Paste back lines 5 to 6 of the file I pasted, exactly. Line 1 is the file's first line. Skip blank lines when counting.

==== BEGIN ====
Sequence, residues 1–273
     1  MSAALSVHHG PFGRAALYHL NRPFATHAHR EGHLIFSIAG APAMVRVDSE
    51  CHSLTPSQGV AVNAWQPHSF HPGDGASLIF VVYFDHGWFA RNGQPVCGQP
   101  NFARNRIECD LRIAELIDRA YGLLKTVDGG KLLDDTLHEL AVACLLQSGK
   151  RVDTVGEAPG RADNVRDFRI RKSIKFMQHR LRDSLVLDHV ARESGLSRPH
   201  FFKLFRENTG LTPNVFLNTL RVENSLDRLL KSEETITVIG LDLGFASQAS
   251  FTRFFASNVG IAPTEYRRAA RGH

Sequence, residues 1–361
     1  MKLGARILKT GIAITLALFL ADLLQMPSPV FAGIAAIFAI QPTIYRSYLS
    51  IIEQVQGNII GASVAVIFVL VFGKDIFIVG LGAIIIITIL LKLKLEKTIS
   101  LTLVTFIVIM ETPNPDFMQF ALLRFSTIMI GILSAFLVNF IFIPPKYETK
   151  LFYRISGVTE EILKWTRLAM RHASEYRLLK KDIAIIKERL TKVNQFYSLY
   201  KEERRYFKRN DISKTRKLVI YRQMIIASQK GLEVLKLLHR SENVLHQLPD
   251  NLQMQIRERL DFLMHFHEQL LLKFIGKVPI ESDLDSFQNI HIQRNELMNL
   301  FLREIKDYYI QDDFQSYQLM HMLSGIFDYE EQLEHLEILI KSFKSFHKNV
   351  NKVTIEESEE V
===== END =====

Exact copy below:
   151  RVDTVGEAPG RADNVRDFRI RKSIKFMQHR LRDSLVLDHV ARESGLSRPH
   201  FFKLFRENTG LTPNVFLNTL RVENSLDRLL KSEETITVIG LDLGFASQAS